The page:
First released on the ancient and wise NES on August 6, 1986, Metroid gave players the chance to control intergalactic bounty hunter Samus Arun on a mission to destroy the menacing alien species known as Metroid. In an era where saving the princess was video game cliche, a female protagonist was unheard of, but Samus was an unflinchingly badass bounty hunter and wasn’t interested in going anywhere near a pink dress. Only, you didn’t learn she was a girl until you cleared the game, and she took of her helmet in the final sequence. Overwhelmingly shocking to the average nine-year-old boy, Samus’ revealed sex became the stuff of playground legend. “A girl killed Mother Brain?! Did you know?” Yes, a girl can totally handle the dark and looming caverns of planet Thebes and shoot that laser rifle just as well as any boy. Even in a bikini. Wait a minute…is Master Chief…?
Situation: The Black Mesa Incident
Emotions: Confusion. Panic. Crow bar
One of the most shocking moments in any game happened in the original Half-Life. After the explosively failed experiment at Black Mesa, you find yourself fighting for your life as you try to escape the massive research compound. “Rest assured,” you are told by fellow scientists, “the Army is on its way, and you will soon be safe.” After a series of gruelling fights, you make your way to the rescue point, only to witness a fellow survivor shot in cold blood while running to a group of soldiers. The soldiers then turn their guns on you. At a moment when you thought you were safe, the game turns in a dramatic surprise plot point — told in real-time — delivering one of the most effectively emotional moments ever experienced in a video game.
Situation: Destroying the Companion Cube
Emotion: Cube Love
When students from DigiPen showed off their project Narbacular Drop to Valve, they probably didn’t expect to not only be hired, but given a chance to make one of 2007’s most successful games, Portal. This polished and quirkily presented first-person puzzle/shooter has a spark of a subtly evil humor that lures players deeper into the halls of Aperture science. After being dropped into a series of tests using teleporter-like Portal “weapons,” players are guided by a snarky sentient computerized voice that mainly roots for your death, in one case even attempting to lure you into a death trap using Birthday cake. While the cake is lie, the most emotional moment in Portal is not achieved by a voice actor, next-gen graphics or Kojima-esqe cut scenes, but an inanimate cube. Alone and taunted by a machine, the companion cube becomes your only friend escaping from the twisted experiments of Glados. But like the greatest deaths in gaming, your companion must sacrifice itself so that you may go on. Only this time, you will do the killing No one wanted to drop their beloved little block into a fire, and some even struggled to find some way to carry it with them. This is great emotional gameplay. Make a note, game industry.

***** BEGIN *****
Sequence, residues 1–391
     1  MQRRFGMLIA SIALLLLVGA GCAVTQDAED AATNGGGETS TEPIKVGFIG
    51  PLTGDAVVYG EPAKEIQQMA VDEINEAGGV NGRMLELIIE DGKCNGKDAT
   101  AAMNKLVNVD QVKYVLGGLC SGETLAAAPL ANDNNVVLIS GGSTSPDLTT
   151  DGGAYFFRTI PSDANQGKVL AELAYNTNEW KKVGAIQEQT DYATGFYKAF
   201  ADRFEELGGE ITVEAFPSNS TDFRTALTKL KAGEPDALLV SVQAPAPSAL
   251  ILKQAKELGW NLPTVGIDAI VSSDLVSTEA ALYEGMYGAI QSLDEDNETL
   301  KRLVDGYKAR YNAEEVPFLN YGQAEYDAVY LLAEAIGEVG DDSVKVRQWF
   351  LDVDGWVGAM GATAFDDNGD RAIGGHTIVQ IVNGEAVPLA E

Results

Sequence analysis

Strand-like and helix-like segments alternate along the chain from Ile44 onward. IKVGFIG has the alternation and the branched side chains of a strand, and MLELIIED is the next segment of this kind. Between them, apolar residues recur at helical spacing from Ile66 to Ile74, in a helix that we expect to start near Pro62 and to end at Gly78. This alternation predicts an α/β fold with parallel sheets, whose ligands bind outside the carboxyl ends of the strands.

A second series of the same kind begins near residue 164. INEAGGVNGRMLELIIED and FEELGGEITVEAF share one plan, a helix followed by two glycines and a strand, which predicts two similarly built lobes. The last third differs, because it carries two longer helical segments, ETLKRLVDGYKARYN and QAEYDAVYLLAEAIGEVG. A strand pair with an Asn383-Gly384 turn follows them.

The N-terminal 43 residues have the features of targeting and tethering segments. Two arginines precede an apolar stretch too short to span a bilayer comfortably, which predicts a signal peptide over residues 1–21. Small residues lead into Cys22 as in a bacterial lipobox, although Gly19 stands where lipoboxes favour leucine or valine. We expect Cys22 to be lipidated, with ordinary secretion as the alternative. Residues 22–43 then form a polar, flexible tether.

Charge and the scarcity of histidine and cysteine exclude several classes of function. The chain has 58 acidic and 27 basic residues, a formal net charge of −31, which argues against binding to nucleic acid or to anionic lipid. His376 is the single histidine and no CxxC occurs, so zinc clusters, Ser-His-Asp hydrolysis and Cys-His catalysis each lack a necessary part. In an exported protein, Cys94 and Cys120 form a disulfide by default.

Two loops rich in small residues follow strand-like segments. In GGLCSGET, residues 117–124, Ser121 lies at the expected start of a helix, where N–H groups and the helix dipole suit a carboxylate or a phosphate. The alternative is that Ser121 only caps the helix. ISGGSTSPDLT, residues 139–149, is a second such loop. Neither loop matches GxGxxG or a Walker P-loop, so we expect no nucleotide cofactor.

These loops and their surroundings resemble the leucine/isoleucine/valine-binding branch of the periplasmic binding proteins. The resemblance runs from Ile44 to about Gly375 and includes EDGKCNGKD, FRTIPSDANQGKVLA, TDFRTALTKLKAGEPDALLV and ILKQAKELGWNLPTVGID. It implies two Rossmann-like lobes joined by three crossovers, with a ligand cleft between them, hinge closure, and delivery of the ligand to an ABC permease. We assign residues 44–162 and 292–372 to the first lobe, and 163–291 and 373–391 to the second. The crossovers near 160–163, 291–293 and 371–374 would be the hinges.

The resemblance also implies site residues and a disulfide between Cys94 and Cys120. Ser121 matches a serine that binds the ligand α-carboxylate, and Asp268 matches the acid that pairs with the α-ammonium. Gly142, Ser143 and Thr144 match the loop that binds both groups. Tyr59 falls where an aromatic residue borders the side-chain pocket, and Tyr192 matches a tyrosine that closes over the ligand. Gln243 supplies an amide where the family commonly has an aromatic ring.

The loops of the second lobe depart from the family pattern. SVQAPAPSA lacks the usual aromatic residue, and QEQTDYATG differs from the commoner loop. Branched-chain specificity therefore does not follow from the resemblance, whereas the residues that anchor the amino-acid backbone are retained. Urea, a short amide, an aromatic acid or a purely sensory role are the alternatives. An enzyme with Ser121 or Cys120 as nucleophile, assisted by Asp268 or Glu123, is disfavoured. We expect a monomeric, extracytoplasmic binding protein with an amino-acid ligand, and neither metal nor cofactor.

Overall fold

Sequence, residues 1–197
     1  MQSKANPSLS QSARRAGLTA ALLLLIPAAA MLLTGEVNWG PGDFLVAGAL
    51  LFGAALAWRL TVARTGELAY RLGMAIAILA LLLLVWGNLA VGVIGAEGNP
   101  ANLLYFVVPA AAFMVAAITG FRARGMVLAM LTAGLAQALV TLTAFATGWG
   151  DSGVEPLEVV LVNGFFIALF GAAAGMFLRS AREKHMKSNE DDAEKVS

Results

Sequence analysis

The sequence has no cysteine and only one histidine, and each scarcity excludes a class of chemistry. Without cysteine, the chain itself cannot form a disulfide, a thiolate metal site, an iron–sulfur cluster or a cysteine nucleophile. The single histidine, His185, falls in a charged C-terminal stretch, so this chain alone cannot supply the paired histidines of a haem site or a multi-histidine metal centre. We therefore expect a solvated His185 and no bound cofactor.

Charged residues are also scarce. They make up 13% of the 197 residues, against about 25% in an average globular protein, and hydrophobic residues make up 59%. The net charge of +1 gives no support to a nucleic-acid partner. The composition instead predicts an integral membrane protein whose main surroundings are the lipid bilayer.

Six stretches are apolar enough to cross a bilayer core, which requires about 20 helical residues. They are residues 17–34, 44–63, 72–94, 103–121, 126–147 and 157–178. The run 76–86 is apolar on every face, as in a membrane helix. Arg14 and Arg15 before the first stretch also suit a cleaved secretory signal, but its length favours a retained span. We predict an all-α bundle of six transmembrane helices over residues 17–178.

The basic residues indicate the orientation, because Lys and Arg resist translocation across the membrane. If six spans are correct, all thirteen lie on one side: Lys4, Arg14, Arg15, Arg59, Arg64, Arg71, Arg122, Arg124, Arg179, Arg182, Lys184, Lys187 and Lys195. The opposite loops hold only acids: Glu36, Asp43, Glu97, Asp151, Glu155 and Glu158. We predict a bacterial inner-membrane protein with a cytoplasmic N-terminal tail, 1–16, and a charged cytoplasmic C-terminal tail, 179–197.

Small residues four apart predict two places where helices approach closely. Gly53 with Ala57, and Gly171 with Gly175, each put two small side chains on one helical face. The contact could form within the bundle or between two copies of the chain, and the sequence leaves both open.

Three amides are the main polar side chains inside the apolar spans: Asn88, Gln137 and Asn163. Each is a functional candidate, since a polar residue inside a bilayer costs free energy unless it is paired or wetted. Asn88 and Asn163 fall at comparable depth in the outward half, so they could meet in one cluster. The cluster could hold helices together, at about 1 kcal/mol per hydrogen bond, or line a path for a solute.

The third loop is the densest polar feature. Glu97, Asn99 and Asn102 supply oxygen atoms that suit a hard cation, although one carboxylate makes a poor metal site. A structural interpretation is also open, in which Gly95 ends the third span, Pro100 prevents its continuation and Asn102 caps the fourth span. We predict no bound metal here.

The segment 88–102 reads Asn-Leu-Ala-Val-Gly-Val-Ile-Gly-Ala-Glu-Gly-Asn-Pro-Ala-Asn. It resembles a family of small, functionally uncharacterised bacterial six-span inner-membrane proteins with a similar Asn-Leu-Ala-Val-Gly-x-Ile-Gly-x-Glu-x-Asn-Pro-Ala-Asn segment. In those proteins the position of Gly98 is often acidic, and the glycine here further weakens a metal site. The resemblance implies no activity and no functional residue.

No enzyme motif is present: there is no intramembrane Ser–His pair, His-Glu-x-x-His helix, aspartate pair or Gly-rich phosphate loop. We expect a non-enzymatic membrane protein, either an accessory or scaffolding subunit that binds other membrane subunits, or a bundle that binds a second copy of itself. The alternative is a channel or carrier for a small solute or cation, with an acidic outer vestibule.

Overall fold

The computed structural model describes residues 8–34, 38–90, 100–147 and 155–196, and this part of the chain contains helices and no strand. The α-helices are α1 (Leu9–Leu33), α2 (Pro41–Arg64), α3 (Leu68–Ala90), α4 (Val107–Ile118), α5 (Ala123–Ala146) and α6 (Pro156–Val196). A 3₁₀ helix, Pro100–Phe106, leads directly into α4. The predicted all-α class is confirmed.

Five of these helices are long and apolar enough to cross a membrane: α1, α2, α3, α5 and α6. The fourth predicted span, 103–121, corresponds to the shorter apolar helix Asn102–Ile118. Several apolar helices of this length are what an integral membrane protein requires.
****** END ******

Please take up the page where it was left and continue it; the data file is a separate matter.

Game: Guitar Hero
Situation: Cowboys From Hell
We all love Guitar Hero and Rock Band, but getting stuck at that one song that ramps up the difficulty level a couple notches can be aggravating. Practice makes perfect, but did all rock gods have to play the opening licks of Cowboys from Hell on expert this many times over? It’s downright infuriating. But when you reach that final whammy and realize you’ve cleared that one freaking song that you’ve been stuck on all this time, you don’t just talk the talk, you rock the rock. Nailing ‘that one song’ in Guitar Hero is extremely satisfying; you know what I’m talking about. Now go rest your pinky finger.
Game: Phantasy Star II
Situation: The Death of Nei
Phantasy Star II for the Sega Genesis dropped players in a futuristic utopia seemingly perfected by technology but hiding a dark secret. Early in the game, you are stopped at knife point by an overwhelmed and desperate man whose daughter has been kidnapped. After completing the mission and returning the young girl, the father kills her in cold blood over a matter of money. This is a harsh world indeed. Yet death strikes closest to you when the your own party member dies at the hands of her sister in a confrontation between good and evil. Nei’s death is often considered the inspiration for Final Fantasy’s love of killing-off female protagonists. And Nei will be mourned by many players even if you thought she was the planet’s genetic savoir. You were wrong; the planet blows up.